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6 Oscar-Winning Movies Nobody Talks About Anymore

These Best Picture winners haven't stood the test of time.

The Academy Awards are the most high-profile and most heavily scrutinized awards in filmmaking, but any movie lover will tell you that the honors don't always go to the best films of the year, or even the most popular. What's more, even when they do go to a film everyone seems to agree is pretty good, the Academy's choices always stand the test of time. In fact, one year's awards season darling can easily wind up looking middling and overrated a decade later. Read on for six Oscar-winning films that no one really talks about anymore.

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Slumdog Millionaire

Dev Patel in Slumdog Millionaire
Pathé Distribution

Even in 2008, when this Best Picture winner from Danny Boyle (Trainspotting) became a word-of-mouth sensation, Who Wants to Be a Millionaire? was hardly hardly the timeliest pop culture reference, but in 2022, it feels positively archaic. Upon first viewing, the structure—every question Jamal (Dev Patel) is asked on the show happens to relate to a pivotal event in his life story—works to smooth over the Dickensian improbabilities of his journey from growing up in the slums of Mumbai to winning fame and fortune on India's biggest game show. Upon subsequent viewings, not so much.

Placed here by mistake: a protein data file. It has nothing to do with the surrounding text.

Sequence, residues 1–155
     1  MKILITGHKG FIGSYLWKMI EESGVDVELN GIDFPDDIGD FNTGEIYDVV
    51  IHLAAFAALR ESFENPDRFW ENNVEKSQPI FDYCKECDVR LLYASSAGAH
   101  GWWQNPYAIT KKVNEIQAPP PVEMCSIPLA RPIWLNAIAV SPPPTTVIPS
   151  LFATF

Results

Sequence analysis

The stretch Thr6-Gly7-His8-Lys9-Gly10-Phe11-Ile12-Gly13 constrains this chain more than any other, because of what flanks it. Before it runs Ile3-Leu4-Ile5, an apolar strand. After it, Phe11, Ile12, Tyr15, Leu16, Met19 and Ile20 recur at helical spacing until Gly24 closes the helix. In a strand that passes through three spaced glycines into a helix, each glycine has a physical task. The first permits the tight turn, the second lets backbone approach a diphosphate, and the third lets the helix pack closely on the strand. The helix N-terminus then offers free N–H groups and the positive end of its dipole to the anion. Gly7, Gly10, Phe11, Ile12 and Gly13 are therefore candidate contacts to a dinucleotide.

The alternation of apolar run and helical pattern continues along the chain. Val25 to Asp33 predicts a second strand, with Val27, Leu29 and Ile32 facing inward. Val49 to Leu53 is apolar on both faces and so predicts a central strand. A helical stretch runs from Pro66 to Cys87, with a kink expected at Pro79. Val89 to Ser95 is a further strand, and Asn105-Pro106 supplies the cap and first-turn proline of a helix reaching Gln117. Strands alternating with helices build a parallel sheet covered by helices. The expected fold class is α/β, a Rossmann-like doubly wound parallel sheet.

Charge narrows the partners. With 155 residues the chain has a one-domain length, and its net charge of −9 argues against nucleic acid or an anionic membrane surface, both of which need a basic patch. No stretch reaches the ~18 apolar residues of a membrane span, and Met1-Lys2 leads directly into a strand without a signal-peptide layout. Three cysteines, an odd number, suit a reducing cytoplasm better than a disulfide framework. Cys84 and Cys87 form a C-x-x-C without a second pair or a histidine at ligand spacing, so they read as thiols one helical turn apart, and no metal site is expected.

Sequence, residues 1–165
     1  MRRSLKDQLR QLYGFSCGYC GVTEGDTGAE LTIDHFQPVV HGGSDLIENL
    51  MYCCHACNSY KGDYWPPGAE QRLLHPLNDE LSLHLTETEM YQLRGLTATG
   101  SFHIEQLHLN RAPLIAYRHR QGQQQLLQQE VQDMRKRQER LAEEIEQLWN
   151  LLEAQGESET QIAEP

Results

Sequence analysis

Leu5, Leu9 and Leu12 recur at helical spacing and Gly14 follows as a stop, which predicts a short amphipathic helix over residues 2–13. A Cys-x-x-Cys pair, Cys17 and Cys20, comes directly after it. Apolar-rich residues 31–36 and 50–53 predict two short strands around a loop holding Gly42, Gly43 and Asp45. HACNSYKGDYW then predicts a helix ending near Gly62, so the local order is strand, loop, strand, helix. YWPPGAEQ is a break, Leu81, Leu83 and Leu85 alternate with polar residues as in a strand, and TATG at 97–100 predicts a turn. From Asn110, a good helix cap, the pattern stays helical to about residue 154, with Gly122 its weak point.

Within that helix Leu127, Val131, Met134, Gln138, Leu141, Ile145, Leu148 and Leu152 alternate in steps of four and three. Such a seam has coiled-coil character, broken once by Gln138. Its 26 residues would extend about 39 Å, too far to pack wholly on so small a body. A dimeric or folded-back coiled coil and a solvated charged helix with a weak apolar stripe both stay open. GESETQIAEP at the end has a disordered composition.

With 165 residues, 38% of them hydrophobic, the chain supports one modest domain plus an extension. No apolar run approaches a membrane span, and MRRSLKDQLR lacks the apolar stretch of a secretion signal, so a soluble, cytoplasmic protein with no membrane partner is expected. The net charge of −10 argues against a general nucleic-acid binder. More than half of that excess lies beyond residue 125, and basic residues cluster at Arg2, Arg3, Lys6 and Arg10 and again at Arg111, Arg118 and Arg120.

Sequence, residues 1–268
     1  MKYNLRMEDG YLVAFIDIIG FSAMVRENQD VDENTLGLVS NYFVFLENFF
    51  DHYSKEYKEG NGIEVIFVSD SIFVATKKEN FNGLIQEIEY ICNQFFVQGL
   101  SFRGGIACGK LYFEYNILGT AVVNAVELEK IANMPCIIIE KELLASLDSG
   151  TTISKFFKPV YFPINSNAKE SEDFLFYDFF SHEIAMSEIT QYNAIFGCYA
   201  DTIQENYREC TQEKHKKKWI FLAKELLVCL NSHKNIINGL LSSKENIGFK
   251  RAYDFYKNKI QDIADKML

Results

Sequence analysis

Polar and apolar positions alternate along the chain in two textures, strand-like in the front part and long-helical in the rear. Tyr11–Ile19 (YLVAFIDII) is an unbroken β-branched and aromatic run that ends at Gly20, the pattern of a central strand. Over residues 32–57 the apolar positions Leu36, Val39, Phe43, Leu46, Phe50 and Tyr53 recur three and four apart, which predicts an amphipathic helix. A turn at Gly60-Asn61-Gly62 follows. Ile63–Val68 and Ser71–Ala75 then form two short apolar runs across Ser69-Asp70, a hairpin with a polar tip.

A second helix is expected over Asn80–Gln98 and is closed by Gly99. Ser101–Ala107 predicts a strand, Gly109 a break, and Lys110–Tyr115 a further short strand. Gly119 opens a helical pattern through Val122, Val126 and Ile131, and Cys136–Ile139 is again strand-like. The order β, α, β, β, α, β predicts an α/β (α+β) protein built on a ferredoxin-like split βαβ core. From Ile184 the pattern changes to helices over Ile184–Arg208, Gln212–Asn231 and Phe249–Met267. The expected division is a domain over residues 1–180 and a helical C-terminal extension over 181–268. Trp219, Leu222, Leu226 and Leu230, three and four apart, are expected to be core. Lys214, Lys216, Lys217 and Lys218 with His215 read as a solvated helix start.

Additionally, the movie has been criticized for its depiction of Jamal's home country and for allegedly "exploiting" its child actors. Looking back on Slumdog Millionare in 2018, a Bustle essay argues that it "provides yet another example of a continued Hollywood tradition of condescending portrayals of developing countries like India."

That singing and dancing finale, set to the strains of the Oscar-winning song "Jai Ho," still slaps though.

Driving Miss Daisy

Jessica Tandy and Morgan Freeman in Driving Miss Daisy
Warner Bros.